• Swallowing study - In a swallowing study, the patient is made to swallow a special liquid called barium, which coats the oesophagus, stomach, and the intestines. The liquid helps outline the organs on an x-ray as food passes through them. This allows doctors to detect signs of LPR.

  • Endoscopic examination of the stomach and oesophagus - Doctors nowadays commonly use endoscopy to visually examine the inside of the body without having to make a skin incision.

  • pH test - This test, which uses a 24-hour pH probe, determines how much acid is present in the patient’s throat.

Who to See and Types of Treatments Available

Laryngopharyngeal reflux, like other reflux diseases such as GERD or extraesophageal reflux disease, is commonly treated by a gastroenterologist. However, the condition may sometimes also require the expertise of an otolaryngologist or an ENT (ear, nose, throat) specialist if the patient’s symptoms include voice hoarseness and throat discomfort or if laryngeal lesions and inflammation are suspected.

The most effective treatment for LPR involves a combination of medication and lifestyle changes.

Medications used to treat LPR and its symptoms include:

  • Antacids

  • Foam barrier medications

  • Histamine antagonists

  • Pro-motility drugs

  • Proton pump inhibitors

Additionally, making lifestyle changes can help in preventing and treating laryngopharyngeal reflux. Many foods and drinks can make patients’ symptoms worse, so it is important that they are eliminated. The same is true for lifestyle factors that have a worsening effect on LPR patients; these include excessive alcohol consumption and smoking.

The following are treatment options for people who have LPR. These can also be used as preventative measures.

  • A low-acid, low-fat diet

  • Bland diets that avoid spicy foods

  • Eating small but frequent meals

  • Losing weight (for overweight/obese people)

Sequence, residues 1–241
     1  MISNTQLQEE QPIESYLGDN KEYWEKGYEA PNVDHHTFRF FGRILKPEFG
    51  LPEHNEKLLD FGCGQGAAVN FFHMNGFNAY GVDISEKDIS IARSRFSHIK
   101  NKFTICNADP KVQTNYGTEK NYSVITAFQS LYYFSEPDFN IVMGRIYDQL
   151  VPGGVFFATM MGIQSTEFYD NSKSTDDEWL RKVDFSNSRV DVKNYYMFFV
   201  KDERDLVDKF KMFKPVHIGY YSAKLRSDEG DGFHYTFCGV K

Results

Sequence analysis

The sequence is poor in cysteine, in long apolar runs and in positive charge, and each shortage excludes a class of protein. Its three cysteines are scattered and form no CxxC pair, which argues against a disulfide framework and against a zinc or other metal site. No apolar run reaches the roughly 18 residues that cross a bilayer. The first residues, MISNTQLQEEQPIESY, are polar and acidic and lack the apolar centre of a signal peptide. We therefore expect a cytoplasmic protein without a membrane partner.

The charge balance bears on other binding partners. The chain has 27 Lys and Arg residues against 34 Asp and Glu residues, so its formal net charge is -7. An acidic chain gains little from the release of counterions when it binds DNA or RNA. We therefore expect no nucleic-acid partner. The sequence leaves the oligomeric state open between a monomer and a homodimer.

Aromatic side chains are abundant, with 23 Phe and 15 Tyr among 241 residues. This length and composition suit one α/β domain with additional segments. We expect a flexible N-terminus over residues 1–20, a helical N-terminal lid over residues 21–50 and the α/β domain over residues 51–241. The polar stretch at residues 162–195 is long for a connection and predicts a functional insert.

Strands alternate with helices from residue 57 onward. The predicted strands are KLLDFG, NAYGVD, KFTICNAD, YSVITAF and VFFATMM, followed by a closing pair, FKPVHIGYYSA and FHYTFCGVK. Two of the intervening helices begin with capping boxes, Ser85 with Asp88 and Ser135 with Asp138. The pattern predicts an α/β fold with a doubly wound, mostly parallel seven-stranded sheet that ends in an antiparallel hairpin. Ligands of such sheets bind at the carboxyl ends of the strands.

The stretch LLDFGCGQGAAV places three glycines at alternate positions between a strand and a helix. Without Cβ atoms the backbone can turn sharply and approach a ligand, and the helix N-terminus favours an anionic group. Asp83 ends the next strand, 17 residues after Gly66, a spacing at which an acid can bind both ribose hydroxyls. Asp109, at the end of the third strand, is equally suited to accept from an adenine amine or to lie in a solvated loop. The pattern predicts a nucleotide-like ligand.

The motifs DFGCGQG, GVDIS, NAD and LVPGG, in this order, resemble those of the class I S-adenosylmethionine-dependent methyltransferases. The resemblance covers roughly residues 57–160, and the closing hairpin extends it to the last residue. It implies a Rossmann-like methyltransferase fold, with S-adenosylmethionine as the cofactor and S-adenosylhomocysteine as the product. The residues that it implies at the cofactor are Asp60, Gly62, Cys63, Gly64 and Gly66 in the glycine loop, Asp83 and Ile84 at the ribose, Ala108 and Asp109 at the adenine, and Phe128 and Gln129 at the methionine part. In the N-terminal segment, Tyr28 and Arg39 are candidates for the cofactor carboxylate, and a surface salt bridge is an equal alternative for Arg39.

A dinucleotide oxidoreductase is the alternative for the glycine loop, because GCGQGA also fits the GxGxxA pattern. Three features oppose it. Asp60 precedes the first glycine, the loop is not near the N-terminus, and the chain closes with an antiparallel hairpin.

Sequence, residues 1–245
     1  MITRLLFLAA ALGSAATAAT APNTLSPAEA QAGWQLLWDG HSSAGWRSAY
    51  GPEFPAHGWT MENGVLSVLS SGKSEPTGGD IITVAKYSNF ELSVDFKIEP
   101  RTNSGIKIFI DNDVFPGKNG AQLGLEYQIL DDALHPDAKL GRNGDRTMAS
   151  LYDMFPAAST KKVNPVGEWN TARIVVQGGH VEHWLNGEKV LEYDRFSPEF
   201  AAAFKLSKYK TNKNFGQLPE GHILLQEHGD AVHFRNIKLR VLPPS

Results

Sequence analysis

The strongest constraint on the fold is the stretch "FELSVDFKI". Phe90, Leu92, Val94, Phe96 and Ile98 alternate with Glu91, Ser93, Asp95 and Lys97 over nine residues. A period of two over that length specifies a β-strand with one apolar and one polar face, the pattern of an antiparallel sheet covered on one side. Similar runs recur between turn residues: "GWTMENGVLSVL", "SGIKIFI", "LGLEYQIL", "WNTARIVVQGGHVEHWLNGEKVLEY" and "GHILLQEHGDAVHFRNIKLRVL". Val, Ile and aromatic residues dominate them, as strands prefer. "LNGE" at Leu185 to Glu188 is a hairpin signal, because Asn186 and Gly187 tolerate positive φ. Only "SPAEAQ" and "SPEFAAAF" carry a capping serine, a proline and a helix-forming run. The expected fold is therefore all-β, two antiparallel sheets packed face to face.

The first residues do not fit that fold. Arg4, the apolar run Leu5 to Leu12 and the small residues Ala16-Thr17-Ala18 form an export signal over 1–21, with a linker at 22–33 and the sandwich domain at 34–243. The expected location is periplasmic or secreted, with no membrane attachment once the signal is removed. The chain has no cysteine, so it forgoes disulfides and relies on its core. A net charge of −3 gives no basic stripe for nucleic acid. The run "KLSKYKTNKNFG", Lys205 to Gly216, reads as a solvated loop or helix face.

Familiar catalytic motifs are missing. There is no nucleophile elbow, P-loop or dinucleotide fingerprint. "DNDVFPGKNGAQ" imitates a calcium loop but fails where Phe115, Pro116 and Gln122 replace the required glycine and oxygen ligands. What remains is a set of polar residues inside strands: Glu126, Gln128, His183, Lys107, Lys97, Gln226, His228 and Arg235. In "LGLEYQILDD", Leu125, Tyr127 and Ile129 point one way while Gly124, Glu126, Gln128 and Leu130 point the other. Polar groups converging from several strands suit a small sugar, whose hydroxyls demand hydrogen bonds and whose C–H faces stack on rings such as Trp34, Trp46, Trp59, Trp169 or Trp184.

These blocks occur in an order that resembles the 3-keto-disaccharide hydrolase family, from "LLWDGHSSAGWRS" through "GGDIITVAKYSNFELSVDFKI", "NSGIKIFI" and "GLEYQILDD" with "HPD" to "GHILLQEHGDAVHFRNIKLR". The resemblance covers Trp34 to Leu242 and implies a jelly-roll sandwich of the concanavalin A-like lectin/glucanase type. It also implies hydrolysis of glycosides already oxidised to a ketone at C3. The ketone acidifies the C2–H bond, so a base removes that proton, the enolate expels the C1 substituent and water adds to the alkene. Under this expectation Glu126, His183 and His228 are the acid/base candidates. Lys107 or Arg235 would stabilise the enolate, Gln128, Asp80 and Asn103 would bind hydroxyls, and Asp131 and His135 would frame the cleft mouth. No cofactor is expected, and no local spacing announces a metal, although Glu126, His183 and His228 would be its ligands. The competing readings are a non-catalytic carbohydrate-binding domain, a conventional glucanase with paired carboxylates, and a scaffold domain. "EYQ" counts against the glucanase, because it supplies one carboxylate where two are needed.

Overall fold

• Refraining from eating any food less than 2 hours before bedtime

  • Avoiding alcohol, tobacco, and caffeine

  • Propping up the head or upper portion of the body while sleeping

In severe, chronic cases, a surgical procedure called laparoscopic Nissen fundoplication can be considered. This surgery, which is also used to treat gastroesophageal reflux disease and hiatal hernia, is performed by a general surgeon. During the procedure, the upper part of the stomach is tied around the end of the oesophagus to reinforce the lower oesophageal sphincter. This prevents gastric contents from traveling back up towards the oesophagus. Because it is minimally invasive, the procedure is generally safe and requires minimal recovery time. However, it is only performed when medical therapy and lifestyle changes have failed to help the patient.

References:

  • Martinucci I, de Bortoli N, Savarino E, Nacci A, et al. “Optimal treatment of laryngopharyngeal reflux disease.” Ther Adv Chronic Dis. 2013 Nov; 4(6): 287-301. https://www.ncbi.nlm.nih.gov/pmc/articles/PMC3807765/

  • Campagnolo AM, Priston J, Thoen RH, Medeiros T, Assuncao AR. “Laryngopharyngeal reflux: diagnosis, treatment, and latest research.” Int Arch Otorhinolaryngol. 2014 Apr; 18(2): 184-191. https://www.ncbi.nlm.nih.gov/pmc/articles/PMC4297018/

  • Ford CN. “Evaluation and management of laryngopharyngeal reflux.” JAMA. 2005; 294(12): 1534-1540. http://jamanetwork.com/journals/jama/fullarticle/201573